March 5, 2021

Bill to end new contracts on private prisons passes House committee

A bill to impose a moratorium on new contracts for private prison facilities passed the House Consumer and Public Affairs Committee 3 to 2.

Rep. Angelica Rubio, D-Las Cruces, and a co-sponsor of HB 352, described it as “a newer version” of HB 40, which stalled at the House Appropriations and Finance Committee earlier this session. HB 352 would create a task force made up of 17 stakeholders, including the state Department of Corrections and other agency representatives, to analyze phasing out private prisons.

HB 40 would have ended private prisons within 3 to 5 years in New Mexico. HB 352 is a more “narrow” approach, advocates said. Rubio said HB 352 is much more “aligned” with the concerns she heard during the debate in the House Judiciary Committee around HB 40.

Related: Bill to end private detention facilities in the state passes House Judiciary but may face uphill battle

Rep. Andrea Romero, D-Santa Fe, called it a “big compromise.”

“But a way forward on this issue so many in New Mexico care about,” Romero said.

Rep. Linda Serrato, D-Santa Fe, who is the lead sponsor on HB 352, said the private prison population has “skyrocketed” since 2000, even as incarceration rates have declined.

According to the Prison Policy Initiative, the numbers of those in local county jails has increased due to more people being arrested for minor crimes and the inability of people to make bail.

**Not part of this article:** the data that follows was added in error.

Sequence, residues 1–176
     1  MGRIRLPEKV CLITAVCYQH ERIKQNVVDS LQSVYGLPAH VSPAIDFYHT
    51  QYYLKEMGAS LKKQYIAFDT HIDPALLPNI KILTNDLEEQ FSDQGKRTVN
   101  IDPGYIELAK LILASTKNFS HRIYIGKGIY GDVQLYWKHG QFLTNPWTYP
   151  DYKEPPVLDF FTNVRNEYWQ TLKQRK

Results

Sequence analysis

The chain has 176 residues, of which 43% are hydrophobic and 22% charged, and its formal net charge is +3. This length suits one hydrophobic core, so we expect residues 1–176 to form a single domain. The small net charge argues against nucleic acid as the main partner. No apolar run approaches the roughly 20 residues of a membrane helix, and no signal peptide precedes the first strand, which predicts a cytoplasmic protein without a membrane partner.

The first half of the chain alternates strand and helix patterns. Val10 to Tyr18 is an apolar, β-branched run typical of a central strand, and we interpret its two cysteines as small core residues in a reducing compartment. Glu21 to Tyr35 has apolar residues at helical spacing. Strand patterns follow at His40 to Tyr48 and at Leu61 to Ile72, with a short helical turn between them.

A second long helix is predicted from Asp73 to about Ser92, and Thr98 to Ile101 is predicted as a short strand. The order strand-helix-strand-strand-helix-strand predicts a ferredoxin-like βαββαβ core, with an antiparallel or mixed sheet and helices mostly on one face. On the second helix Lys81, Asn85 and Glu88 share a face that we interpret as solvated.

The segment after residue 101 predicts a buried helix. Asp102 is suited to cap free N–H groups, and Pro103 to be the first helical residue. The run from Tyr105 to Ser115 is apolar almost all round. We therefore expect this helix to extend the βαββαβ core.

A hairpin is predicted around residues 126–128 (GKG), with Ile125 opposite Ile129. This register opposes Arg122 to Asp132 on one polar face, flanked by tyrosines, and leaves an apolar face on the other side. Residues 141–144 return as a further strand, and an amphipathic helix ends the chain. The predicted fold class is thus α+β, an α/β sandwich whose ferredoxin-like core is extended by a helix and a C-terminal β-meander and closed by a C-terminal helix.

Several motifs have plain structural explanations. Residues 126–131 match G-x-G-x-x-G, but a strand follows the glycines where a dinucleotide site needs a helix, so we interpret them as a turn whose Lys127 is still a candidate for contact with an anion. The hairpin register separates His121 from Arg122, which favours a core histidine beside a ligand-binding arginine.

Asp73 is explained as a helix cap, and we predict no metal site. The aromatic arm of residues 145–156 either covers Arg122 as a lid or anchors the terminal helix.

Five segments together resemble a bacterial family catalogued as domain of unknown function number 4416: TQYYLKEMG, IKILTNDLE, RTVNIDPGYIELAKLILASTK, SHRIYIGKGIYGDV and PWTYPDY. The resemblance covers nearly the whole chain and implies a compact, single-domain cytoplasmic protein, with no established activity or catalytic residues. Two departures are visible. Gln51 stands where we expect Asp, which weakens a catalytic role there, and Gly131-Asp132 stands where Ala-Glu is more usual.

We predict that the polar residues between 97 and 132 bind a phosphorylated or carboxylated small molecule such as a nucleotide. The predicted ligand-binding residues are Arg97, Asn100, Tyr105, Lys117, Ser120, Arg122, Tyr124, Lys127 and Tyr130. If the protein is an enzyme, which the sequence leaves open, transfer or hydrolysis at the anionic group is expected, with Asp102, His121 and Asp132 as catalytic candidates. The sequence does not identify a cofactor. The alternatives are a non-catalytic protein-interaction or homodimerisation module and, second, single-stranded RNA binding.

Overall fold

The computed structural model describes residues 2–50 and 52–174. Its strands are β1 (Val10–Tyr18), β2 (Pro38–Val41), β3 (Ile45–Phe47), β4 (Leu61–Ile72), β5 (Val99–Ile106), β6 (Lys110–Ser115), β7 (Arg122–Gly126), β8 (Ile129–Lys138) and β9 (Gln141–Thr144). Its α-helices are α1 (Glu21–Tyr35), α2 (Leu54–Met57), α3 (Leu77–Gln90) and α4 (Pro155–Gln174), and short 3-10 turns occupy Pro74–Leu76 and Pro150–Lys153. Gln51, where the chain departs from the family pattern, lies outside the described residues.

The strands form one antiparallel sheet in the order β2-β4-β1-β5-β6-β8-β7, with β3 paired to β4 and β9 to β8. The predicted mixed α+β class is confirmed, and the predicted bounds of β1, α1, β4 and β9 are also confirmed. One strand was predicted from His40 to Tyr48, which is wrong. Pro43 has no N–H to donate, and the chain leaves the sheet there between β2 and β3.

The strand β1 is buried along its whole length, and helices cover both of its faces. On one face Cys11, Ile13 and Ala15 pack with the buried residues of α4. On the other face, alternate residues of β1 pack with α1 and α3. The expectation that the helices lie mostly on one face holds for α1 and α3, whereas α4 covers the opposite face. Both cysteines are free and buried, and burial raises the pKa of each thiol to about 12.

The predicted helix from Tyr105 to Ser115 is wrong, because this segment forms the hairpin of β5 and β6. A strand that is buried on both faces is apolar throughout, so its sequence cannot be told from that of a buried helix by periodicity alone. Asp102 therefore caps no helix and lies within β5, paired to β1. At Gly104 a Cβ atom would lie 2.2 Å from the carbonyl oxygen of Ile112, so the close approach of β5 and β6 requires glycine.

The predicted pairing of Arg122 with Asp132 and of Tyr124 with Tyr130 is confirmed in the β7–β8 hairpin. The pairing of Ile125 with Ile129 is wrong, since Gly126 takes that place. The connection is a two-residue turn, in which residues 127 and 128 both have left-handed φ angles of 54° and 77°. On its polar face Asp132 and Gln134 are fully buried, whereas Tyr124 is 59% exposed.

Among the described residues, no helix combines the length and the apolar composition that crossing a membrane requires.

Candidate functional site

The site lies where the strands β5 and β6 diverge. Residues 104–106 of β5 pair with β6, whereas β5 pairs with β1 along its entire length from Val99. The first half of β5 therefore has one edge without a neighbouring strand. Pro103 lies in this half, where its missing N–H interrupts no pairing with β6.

Rep. Stefani Lord, R-Sandia Park, who voted, along with Rep. Randall Pedigrew, R-Hobbs, against the bill, said she was concerned about the town of Estancia.

“Estancia is deeply worried because this is all they have,” Lord said. 

Serrato said the task force would look at the economic impacts of closing private prison facilities on local economies. The task force would have until late December 2021 to produce a report.

Representatives from New Mexico Association of Counties and Otero County, which is home to the privately managed Otero County Processing Center and the Otero County Prison Facility, said those entities both oppose the bill.

But Serrato said New Mexico is at 76 percent of prison capacity.

“There’s not going to be this sudden burst of the levies,” Serrato said.